In the previous post, I outlined a method based on the r “gender” package for estimating the gender distributions for populations of authors submitting papers to *Science *and applied this method to look at gender distributions for authors who submitted Reports to *Science*. Here, I will extend this analysis to look at correlations in the genders of first and corresponding authors. However, I will first characterize and refine the gender inference method further.

### Refinement of the gender inference method

The “gender” method is based on an examination of the frequency of genders associated with particular first names in large databases. The “gender” package yields a default gender assignment based on a cutoff of 0.50 for the frequencies of names within the database but also returns the actual frequencies. The default method produced reasonable accuracy for a test set of 4789 individuals with user-provided gender information. For 3403 of these individuals, gender could be inferred using the “gender” package. The accuracy of this gender inference was different for males and females, with an accuracy of 98.1% for males but only 84.0% for females. This suggests that potential *Science *authors are more likely to be male than would be expected based on the database used by the “gender” package and that gender inference accuracy could possibly be improved by adjusting the frequency cutoff used for gender inference.

A histogram of the name frequency data for the 3403 individuals is shown below.

This histogram shows clear separation between male and female individuals in terms of male frequency in the database. Almost all of the individuals on the right of the graph with male frequencies greater than 0.50 are male (blue), whereas almost all of the individuals on the left with male frequencies less than 0.50 are female (red).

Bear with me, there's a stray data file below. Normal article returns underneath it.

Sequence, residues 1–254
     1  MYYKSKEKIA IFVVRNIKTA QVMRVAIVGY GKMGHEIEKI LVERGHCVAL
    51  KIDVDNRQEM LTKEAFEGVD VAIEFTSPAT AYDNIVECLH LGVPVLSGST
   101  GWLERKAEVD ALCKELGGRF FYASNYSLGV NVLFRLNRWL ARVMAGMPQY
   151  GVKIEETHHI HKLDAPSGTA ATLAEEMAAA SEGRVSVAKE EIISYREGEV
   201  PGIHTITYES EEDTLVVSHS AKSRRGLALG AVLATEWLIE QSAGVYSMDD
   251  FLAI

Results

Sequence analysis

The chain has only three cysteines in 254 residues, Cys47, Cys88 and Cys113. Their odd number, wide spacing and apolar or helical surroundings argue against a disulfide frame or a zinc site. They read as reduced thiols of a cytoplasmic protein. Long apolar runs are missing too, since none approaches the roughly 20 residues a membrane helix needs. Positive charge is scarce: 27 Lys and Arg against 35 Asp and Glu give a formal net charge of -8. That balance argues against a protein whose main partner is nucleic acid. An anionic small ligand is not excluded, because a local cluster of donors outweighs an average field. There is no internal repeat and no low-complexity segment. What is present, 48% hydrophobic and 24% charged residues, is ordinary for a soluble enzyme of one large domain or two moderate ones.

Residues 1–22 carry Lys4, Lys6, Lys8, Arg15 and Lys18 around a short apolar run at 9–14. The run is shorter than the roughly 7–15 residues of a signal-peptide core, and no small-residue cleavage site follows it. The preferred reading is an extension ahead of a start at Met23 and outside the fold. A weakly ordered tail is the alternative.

The cutoff parameter of 0.50 can be adjusted. If a higher cutoff is used, the gender of more individuals will be inferred to be female. However, many of these individuals will actually be male. This will increase the accuracy of inference for males, but will decrease it for females. Conversely, if a lower cutoff is used, the gender of more individuals will be inferred to be male, with the opposite effect on accuracy.

The trade-off can be depicted through a receiver operating characteristic (ROC) curve. The ROC curve is a plot of the sensitivity (the rate of true positives) versus 1 minus the specificity (the rate of false positives). The ROC curve for inferring female gender is shown below.

The ROC curve would have a perfect right angle in the upper left-hand corner for a test that was perfectly accurate.

We can directly examine the variation in the accuracy of inferred genders as a function of the cutoff parameter.

As could be anticipated from the relatively clean separation shown in the first figure, the accuracy curve is relatively constant over a wide range of cutoff values. However, the maximum accuracy is found at a cutoff of 0.11 (shown with the red arrow) rather than 0.50. The accuracy for this cutoff is 95.2%, somewhat higher than for the earlier results with a cutoff of 0.50 (93.7%). Although this may seem like a small change, it represents a reduction is the gender inference error rate from 6.3 to 4.8%—a reduction in relative terms of 24%. With a cutoff of 0.11, the accuracy for males was 96.7% and for females, 91.0%. Thus, with the new cutoff, the accuracy for males decreased slightly (by 1.4%), but the accuracy for females increased by 7.0%. Using a cutoff of 0.11 both improved the overall accuracy and decreased the discrepancy in accuracy for females compared to males, suggesting that it may be more suitable than the default cutoff for use in further analyses.